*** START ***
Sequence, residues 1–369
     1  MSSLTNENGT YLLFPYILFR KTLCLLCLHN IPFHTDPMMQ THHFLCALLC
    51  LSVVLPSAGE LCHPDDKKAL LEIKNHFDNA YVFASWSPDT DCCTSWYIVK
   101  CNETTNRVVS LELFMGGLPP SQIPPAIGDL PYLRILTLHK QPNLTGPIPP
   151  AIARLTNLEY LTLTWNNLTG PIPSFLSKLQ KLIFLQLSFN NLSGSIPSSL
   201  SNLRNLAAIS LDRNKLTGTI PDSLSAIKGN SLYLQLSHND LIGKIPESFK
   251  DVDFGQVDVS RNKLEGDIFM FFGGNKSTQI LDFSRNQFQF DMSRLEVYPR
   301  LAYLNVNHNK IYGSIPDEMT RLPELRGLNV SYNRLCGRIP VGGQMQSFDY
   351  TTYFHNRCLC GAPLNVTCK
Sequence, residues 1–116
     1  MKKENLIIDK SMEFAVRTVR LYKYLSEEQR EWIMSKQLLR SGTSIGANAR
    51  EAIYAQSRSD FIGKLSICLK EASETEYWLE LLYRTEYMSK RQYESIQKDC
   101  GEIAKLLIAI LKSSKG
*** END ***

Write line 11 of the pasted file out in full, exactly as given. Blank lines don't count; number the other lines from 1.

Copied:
     1  MKKENLIIDK SMEFAVRTVR LYKYLSEEQR EWIMSKQLLR SGTSIGANAR